Meeting the Nutritional Needs of Men

AUGUST 16, 2010
Yvette C. Terrie, BSPharma, RPh
Pharmacists can counsel male patients on the appropriate way to incorporate multivitamin/multimineral supplements formulated for men into a nutritional plan.
The use of multivitamin/multimineral supplements is a growing trend in the United States, as an estimated one third of adults use these supplements on a regular basis.1 The American Dietetic Association position to promote optimal health and decrease or prevent the risk of chronic medical conditions is to consume a diet that contains a wide variety of nutrient-rich foods.1 Their position also states that obtaining additional nutrients from supplements may be beneficial to some individuals in meeting their nutritional needs, as specified by science-based nutrition standards such as the Dietary Reference Intakes from the Institute of Medicine.1

While many individuals use nutritional supplements, a 2009 report from the US Government Accountability Office stated that “according to experts, consumers are not always well-informed about the safety and efficacy of dietary supplements and may sometimes have difficulty interpreting labels on these products.”1 Therefore, pharmacists can be a vital resource for those individuals electing to use a nutritional supplement by assisting in their selection and proper use.

Currently, many manufacturers market supplements specifically for men in various age groups, including formulations for teenagers, men aged 50 years and younger, and men older than 50 years. Supplements formulated for adult men contain key nutrients, such as vitamins B6, B12, C, and E and folic acid to support cardiovascular health; vitamins A, C, and E and the mineral zinc for ocular health; and vitamin C, calcium, magnesium, and higher levels of vitamin D to promote healthy blood pressure levels.2,3 Typically, supplements formulated for men do not contain iron.2,3

The supplements marketed for teenagers include key nutrients for optimal health during this phase of life, such as magnesium for healthy muscle function, as well as calcium, vitamin D, and magnesium for bone strength.4

One of the newest supplements for men is One A Day Men’s Pro Edge (Bayer Healthcare), which is formulated with key nutrients to meet the nutritional needs of those men who routinely exercise or engage in sports.

In general, supplements formulated for those older than 50 years may include larger amounts of vitamin C, folic acid, vitamin D, vitamin E, and vitamins B1, B2, B6, and B12, but no iron, since individuals in this patient population generally require less iron and meet their iron needs through their diet alone.3,5-7 Some studies have suggested that high iron stores may in fact contribute to conditions such as cancer and cardiovascular disease; however, research to date is inconclusive.2,3,5-7 Supplements formulated for men older than 50 years may also contain ginkgo for memory and concentration function.2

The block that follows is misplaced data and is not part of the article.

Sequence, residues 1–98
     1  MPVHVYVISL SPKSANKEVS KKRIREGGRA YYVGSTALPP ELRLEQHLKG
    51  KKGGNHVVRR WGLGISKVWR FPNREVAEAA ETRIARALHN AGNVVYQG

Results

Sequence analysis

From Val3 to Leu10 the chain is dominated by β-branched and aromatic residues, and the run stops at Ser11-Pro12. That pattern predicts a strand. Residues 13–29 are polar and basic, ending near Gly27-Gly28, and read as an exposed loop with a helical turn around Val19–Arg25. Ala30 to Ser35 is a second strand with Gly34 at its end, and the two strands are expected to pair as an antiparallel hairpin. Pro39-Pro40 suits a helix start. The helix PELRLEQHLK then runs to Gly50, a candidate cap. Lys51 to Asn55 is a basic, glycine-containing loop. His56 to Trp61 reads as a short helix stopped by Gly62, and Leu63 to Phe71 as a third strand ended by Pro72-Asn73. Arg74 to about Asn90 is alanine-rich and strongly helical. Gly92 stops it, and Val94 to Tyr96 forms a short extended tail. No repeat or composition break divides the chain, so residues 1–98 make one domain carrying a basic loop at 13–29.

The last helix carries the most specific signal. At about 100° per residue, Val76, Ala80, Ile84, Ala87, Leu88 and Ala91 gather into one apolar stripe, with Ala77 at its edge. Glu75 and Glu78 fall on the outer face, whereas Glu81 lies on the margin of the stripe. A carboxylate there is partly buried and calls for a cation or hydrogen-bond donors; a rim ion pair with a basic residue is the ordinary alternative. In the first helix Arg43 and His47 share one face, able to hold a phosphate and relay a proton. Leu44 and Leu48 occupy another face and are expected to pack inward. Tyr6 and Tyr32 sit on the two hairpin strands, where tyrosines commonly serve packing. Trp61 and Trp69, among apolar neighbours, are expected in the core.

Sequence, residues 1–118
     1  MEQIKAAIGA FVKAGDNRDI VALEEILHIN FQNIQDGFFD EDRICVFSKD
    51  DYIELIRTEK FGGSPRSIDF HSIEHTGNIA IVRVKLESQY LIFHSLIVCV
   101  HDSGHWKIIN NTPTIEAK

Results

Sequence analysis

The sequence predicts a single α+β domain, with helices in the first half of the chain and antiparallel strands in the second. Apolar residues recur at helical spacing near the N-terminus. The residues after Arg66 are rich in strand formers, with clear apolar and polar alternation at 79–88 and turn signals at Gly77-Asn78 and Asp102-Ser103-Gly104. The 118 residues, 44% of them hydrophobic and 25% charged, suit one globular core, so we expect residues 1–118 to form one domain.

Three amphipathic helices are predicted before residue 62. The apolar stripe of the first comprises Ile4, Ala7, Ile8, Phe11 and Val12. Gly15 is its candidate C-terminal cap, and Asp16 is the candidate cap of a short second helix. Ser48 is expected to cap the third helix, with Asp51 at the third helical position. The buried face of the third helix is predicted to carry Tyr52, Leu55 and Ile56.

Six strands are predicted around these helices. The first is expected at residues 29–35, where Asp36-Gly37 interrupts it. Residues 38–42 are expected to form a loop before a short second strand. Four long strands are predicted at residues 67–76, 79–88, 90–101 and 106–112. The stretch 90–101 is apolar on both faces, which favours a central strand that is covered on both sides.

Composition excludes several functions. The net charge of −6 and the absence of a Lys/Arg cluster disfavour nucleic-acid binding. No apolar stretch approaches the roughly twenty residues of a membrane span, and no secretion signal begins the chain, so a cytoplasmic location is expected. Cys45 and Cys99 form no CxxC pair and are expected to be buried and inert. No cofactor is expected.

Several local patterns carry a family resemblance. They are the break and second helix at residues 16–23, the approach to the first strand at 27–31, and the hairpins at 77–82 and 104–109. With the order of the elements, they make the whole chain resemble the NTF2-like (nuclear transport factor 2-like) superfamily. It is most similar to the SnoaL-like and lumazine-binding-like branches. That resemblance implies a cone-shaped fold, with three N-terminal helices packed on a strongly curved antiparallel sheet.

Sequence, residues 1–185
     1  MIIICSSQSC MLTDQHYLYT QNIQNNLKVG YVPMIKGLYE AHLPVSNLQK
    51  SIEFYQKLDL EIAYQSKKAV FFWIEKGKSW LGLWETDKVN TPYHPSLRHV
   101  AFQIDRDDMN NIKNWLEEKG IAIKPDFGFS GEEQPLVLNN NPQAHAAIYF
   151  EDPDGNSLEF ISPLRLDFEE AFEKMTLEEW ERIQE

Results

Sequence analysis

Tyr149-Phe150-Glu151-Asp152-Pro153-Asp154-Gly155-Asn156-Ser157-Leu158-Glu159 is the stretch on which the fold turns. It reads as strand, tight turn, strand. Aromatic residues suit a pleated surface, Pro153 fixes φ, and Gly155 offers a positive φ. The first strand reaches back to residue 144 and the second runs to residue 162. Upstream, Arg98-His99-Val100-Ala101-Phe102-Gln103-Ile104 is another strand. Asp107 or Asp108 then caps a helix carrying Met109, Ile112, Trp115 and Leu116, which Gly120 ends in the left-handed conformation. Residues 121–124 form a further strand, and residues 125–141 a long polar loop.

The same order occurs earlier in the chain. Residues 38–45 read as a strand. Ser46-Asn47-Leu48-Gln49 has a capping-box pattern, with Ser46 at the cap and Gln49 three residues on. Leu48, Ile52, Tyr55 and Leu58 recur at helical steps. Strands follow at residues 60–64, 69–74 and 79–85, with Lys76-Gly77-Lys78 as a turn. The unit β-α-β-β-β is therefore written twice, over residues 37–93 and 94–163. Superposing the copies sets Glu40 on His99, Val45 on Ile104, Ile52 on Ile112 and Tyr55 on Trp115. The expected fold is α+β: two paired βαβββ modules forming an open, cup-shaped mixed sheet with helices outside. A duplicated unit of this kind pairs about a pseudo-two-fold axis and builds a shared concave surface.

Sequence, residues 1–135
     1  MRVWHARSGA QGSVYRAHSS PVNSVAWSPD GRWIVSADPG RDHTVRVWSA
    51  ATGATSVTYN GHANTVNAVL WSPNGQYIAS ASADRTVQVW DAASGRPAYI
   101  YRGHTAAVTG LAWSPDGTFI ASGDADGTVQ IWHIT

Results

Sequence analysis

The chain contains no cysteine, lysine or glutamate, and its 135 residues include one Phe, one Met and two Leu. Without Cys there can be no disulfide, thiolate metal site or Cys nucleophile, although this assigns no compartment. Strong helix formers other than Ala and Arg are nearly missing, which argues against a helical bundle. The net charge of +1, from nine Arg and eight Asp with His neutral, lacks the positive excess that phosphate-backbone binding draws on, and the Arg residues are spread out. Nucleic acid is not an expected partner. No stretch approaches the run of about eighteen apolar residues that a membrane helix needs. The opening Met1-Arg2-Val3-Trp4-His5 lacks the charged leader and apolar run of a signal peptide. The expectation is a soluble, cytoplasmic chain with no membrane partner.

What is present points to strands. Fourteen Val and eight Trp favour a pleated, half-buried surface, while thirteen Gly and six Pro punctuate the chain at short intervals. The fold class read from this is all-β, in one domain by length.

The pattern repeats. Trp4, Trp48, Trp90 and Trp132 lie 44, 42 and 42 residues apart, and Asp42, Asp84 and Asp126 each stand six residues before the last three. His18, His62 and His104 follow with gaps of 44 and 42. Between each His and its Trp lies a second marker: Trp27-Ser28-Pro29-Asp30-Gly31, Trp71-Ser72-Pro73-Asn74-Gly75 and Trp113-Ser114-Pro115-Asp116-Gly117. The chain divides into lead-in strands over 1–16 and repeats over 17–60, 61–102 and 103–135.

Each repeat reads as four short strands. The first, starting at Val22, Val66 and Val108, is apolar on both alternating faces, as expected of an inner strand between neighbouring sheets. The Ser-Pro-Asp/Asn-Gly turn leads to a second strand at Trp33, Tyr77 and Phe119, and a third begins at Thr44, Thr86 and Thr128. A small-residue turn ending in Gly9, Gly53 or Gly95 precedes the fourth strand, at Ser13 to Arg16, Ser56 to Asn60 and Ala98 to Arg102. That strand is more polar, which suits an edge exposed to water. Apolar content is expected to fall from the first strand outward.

Prior to recommending any multivitamin/ multimineral supplements, pharmacists should assess the patient’s medical history and medication profile to determine if there are any existing contraindications or potential for drug/micronutrient interactions. They should also remind patients to take these supplements as directed.

Finally, pharmacists should stress the importance of incorporating a balanced nutrition plan into their patients’ daily routine and provide a referral to a registered dietitian when necessary.

Ms. Terrie is a clinical pharmacy writer based in Haymarket, Virginia.


  1. Marra MV, Boyar AP. Position of the American Dietetic Association: nutrient supplementation. J Am Diet Assoc. 2009 Dec;109(12):2073-85.
  2. One a Day Vitamins 50+ Advantage [product information]. Bayer Consumer Web site. Available at: Accessed June 1, 2010.
  3. Centrum Silver [product information] Wyeth Consumer Health Web site. Available at: Accessed June 1, 2010.
  4. One A Day Vitamins for Teens [product information]. Bayer Consumer Web site. Available at: Accessed June 1, 2010.
  5. Huckleberry Y and Rollins C. Essential and conditionally essential nutrients. In: Berardi R, Newton G, McDermott JH, et al, eds. Handbook of Nonprescription Drugs 16th ed. Washington, DC: American Pharmacists Association; 2009:389-417.
  6. One A Day Vitamins [product information] Bayer Consumer Web site. Available at: Accessed June 1, 2010.
  7. Ervin RB, Kennedy-Stephenson J.Mineral intakes of elderly adult supplement and non-supplement users in the third national health and nutrition examination survey. J Nutr.2002 Nov;132(11):3422-7.

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